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I presume that you are asking about impedance matching in RF amplifiers.
BJT "used for" impedance matching sounds inappropriate. In most cases i would talk about BJT "involved in" impedance matching. It applies to all configurations that are used for amplifiers, mainly common emitter and common base.
Hi GBHT !
It is enough that you know that reflected impedance from base to the emitter is re which will given by hie/hfe =========> hie=26mv/ib thus if you change the ib the reflected impedance will have change as your desired value . but it won't be used at high powers .
If you examine the output impedance of complementary CMOS and 50 Ohm line drivers you will find a similarity in structure but the crossover distortion is reduced by having a current surge during crossover which tends to make dynamic power consumption increase with transition frequency. THis used exclusively for driving square waves or pulses, where harmonic content is inherent in the signal and distortion is less important.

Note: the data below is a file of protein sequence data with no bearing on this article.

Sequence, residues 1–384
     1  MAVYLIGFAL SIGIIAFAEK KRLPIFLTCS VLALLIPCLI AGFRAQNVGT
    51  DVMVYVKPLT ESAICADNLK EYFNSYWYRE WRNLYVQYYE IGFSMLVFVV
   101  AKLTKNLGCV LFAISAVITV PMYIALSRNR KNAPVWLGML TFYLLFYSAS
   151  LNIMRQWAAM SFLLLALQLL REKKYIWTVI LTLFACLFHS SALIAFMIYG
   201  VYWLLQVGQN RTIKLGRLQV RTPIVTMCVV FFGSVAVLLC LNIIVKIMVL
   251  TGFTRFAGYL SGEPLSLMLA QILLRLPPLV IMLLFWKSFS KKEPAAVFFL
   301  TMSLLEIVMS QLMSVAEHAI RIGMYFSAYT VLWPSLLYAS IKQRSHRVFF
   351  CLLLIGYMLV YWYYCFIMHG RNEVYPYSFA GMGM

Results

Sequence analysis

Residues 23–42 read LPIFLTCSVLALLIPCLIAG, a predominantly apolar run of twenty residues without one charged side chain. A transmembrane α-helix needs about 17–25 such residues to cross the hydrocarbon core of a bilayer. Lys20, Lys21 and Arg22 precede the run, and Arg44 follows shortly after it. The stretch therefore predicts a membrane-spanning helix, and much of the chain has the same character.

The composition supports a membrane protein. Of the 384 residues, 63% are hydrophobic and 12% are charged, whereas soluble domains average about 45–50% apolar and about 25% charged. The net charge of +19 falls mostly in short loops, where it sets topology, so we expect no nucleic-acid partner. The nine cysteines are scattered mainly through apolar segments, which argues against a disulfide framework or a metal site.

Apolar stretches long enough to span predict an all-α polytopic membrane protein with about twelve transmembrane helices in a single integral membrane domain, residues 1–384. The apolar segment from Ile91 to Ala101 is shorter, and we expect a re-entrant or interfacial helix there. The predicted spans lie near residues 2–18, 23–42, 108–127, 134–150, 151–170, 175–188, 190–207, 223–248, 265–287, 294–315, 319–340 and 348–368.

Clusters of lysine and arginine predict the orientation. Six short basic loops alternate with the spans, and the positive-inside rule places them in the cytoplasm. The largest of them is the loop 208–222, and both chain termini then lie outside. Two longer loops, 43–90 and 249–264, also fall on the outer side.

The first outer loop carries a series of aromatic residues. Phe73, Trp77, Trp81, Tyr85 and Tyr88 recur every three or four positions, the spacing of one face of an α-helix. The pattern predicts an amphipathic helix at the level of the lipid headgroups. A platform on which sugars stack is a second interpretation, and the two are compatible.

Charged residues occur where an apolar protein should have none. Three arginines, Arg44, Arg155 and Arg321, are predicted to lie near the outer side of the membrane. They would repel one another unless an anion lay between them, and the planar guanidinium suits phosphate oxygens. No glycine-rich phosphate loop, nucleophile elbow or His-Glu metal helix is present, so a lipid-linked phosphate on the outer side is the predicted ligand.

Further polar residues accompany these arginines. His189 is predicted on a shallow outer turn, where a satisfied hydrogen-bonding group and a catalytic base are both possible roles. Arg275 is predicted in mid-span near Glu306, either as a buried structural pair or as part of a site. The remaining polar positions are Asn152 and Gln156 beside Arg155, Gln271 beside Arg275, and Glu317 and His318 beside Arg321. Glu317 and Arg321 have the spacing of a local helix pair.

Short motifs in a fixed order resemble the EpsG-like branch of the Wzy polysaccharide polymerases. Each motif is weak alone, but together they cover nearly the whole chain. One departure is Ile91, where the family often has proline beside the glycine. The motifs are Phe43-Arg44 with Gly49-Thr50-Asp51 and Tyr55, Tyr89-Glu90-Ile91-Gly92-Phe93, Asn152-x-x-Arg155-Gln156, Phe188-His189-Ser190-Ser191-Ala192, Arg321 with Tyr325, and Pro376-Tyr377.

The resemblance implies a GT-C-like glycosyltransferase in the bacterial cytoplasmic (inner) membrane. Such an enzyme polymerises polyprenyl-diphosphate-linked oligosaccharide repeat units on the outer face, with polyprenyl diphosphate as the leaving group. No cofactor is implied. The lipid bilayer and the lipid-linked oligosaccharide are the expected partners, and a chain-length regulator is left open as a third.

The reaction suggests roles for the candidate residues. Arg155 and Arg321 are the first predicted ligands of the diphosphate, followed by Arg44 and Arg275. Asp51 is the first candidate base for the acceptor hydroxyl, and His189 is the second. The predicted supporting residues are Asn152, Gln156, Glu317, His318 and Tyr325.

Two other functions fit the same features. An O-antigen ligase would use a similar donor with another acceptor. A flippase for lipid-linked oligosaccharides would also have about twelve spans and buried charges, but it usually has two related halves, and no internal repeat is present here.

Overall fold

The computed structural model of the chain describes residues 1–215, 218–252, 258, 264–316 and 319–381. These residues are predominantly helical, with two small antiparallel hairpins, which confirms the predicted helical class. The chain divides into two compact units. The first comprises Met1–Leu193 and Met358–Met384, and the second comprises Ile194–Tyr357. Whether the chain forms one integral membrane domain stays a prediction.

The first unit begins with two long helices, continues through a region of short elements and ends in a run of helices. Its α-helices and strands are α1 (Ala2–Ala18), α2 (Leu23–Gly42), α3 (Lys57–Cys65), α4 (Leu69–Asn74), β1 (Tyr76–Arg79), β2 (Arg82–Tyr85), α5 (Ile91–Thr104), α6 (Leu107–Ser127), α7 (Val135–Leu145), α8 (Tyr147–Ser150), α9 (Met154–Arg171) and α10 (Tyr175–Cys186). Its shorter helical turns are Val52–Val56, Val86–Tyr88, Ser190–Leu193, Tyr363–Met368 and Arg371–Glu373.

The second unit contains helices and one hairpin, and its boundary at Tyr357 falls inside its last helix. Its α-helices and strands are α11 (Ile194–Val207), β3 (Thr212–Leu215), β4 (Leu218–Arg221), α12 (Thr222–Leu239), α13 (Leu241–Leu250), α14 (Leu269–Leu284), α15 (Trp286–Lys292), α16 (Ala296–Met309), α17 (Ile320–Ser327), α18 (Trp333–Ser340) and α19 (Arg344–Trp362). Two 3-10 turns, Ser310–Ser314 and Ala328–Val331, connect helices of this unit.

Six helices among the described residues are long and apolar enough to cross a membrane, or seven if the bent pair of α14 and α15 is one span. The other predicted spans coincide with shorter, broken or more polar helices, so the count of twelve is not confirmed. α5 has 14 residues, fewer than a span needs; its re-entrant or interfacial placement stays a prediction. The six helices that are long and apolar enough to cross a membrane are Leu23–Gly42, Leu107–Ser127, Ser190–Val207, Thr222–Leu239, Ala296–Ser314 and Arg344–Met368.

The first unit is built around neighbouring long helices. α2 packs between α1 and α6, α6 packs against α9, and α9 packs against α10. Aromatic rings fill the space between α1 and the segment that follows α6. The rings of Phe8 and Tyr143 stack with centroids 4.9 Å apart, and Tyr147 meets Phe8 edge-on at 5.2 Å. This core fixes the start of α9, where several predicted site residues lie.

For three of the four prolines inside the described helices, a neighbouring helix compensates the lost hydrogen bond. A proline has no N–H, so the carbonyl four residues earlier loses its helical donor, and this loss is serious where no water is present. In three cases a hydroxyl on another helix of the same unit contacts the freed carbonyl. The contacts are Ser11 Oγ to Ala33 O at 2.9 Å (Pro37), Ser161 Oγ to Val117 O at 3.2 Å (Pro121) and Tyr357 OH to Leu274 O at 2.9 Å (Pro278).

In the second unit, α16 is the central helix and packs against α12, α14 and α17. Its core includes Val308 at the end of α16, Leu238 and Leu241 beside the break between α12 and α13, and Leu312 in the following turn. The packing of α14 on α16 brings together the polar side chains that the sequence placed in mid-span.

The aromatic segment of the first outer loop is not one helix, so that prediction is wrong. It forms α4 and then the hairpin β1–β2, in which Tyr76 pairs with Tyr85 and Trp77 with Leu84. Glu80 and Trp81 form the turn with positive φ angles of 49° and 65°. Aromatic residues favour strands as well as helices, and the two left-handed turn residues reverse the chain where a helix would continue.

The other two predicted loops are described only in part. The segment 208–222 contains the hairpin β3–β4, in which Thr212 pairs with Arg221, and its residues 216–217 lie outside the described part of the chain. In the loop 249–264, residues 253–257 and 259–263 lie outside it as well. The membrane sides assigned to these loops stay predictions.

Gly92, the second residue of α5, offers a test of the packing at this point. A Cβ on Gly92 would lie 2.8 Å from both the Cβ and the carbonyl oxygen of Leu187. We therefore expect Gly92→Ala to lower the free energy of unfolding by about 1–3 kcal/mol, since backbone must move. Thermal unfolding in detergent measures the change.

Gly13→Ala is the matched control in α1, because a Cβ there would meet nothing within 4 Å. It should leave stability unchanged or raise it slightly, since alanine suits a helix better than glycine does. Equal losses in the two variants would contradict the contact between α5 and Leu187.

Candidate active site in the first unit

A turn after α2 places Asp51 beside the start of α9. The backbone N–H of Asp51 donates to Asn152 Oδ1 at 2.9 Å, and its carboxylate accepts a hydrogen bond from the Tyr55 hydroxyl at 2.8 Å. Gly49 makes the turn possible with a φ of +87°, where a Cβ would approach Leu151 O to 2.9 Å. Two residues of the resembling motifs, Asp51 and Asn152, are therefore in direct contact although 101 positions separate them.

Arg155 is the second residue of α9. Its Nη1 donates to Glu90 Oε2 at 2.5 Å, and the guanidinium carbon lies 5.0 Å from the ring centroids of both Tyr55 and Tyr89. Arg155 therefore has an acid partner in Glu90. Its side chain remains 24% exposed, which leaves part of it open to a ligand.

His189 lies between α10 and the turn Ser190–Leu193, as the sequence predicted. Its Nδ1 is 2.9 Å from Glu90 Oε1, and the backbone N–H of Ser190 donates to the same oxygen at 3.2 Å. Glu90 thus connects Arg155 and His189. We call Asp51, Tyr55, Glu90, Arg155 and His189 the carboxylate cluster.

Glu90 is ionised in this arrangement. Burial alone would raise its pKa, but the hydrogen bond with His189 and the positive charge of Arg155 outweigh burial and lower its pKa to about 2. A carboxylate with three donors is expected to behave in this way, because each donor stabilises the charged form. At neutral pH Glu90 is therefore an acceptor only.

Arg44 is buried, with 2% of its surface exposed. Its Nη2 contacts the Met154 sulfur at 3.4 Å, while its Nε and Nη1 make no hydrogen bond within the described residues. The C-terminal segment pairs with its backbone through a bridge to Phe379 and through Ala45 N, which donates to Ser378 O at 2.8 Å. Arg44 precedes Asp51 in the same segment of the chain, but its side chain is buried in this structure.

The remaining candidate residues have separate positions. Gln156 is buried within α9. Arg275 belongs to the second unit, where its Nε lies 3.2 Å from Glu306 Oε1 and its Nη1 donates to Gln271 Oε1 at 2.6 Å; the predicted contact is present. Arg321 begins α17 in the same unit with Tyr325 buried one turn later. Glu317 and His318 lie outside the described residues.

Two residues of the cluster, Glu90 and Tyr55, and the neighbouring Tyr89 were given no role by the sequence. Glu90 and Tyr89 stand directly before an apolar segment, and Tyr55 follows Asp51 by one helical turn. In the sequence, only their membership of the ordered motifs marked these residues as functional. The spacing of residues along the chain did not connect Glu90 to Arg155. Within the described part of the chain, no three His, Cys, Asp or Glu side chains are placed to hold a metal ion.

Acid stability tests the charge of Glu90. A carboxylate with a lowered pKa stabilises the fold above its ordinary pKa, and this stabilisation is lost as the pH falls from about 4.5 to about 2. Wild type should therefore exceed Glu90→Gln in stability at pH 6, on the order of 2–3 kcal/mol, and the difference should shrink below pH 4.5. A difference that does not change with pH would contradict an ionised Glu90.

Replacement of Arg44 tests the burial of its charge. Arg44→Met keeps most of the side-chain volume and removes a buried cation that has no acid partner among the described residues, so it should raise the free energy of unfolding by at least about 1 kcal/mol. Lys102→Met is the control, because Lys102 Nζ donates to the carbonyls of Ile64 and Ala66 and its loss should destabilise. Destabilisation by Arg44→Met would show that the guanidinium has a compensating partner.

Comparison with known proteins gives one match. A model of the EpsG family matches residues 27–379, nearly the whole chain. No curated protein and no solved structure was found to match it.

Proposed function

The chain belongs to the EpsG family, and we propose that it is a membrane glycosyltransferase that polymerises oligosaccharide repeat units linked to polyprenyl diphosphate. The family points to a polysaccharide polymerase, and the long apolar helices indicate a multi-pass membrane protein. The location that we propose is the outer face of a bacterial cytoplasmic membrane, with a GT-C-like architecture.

When it comes to RF amplifiers, the return loss from impedance mismatch and harmonic & IM distortion are significantly more important than the efficiency of complementary outputs. Emitter followers can be designed to have much lower impedance than required and then a series resistor is added to match the desired impedance of the transmission line but these also have issues with spurious resonance from capacitive loads and degenerative feedback.
Hence for RF amplifiers they tend to be inefficient common emitter (class A) and common base which use the collector resistance to determine the gain and the output impedance for matching with subsequent stages. The same configuration is true for FET and MOSFETs which typically use GaAs rather than Silicon to get much higher gain bandwidth products for RF but a much greater cost. Some have improved Germanium for RF applications.